Picasso: Life and Art

By Pierre Daix; Olivia Emmet | Go to book overview
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Autumn 1913-Summer 1914

In September 1913 Matisse sent Gertrude Stein a postcard with news which, had it been public, would have turned the art world of Paris upside down: "Picasso is a horseman, and we're making a horse together. Everyone is astounded." Gertrude, in fact, had already been given the news by a postcard from Picasso dated 29 August, which says that the project is under way in the Bois de Clamart. Other than Gertrude, only the socialist Marcel Sembat knew anything about it. (Sembat provided Matisse's most consistent French support.) Picasso was clearly disinclined to boast of this development, 1 not that he was particularly affected by the various Cubists who were using him against Matisse, but because the return to color and sensuality in his painting—which drew him closer to his elder—must have made him anxious. He felt obliged to question his own motives: Were his new moves in fact regression? An intellectual weakness which might compromise the gains of the last three or four years?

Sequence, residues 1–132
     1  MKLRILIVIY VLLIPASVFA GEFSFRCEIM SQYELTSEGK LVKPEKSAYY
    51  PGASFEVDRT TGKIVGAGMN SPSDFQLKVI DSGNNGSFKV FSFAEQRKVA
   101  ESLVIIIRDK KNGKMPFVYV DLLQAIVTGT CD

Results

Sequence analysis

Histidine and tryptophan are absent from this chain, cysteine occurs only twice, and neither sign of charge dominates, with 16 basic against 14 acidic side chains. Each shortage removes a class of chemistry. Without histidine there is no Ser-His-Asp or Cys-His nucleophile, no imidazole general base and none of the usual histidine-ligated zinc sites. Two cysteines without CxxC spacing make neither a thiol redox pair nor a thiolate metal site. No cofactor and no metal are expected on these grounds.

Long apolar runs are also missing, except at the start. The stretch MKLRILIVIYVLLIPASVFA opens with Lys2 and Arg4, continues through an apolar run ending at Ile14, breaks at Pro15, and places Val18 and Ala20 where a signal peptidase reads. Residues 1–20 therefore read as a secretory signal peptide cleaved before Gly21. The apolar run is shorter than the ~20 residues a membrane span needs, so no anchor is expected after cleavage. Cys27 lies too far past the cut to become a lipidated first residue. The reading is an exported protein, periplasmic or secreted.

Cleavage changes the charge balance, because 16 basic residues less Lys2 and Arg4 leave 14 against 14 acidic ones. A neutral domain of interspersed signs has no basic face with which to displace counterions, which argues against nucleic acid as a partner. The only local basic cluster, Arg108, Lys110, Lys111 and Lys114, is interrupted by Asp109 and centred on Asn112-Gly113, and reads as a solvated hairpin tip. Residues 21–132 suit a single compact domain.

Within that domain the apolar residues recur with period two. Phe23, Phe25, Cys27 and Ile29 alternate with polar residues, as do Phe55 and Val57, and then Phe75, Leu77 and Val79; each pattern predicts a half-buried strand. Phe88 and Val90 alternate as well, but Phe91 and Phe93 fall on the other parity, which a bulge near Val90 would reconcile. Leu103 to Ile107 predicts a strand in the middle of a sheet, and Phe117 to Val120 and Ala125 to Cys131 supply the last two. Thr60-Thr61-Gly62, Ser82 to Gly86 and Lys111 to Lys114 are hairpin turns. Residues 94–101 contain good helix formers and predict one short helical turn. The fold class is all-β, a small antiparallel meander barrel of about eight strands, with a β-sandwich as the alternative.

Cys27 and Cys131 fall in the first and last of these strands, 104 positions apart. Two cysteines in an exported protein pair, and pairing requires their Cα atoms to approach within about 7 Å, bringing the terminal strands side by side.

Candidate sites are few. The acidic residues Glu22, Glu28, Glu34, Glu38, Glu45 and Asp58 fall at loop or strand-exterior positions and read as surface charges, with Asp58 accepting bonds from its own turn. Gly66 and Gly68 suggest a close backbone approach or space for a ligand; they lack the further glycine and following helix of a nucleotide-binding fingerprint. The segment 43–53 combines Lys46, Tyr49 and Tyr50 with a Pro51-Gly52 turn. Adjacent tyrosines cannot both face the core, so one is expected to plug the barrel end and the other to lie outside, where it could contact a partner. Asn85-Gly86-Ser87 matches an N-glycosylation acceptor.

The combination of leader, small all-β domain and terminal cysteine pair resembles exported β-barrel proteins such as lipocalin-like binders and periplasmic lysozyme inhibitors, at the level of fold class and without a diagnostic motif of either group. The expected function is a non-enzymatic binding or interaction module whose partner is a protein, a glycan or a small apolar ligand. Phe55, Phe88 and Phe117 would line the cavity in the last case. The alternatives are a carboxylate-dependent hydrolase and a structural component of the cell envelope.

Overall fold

Picasso hadn't seen Matisse's fourth show—at Bernheim-Jeune's in April—because he had been in Céret. But he had certainly read the reviews in the press, including Apollinaire's. Nor had he looked at the large canvas Café Maure, which had already gone to Tchukhin's. However, he knew that Matisse had taken a turn toward painting which was less imitative, more abstract. He also knew that sculpture had been an important element in the show. Certainly for those who equate Cubism with the geometrization of the painters who showed at the Salons of 1911 and 1912, Matisse is not a Cubist. But to Picasso's eyes it was clear that a new convergence in their work was taking shape.

This was certainly equally important for both painters. As Alfred Barr has stressed, in that year—1913—Matisse and Picasso became the recognized leaders of modern painting throughout the world. Matisse was still ahead in Scandinavia, England, and the United States; but Picasso had overtaken and surpassed him in Russia, Germany, and, thanks to the Futurists, in Italy. 2 As I have shown in my Journal du cubisme, Matisse's turn toward compositions which were more structural, more geometric, was reaffirmed in 1914-15. Conversely, Picasso's consideration of a more


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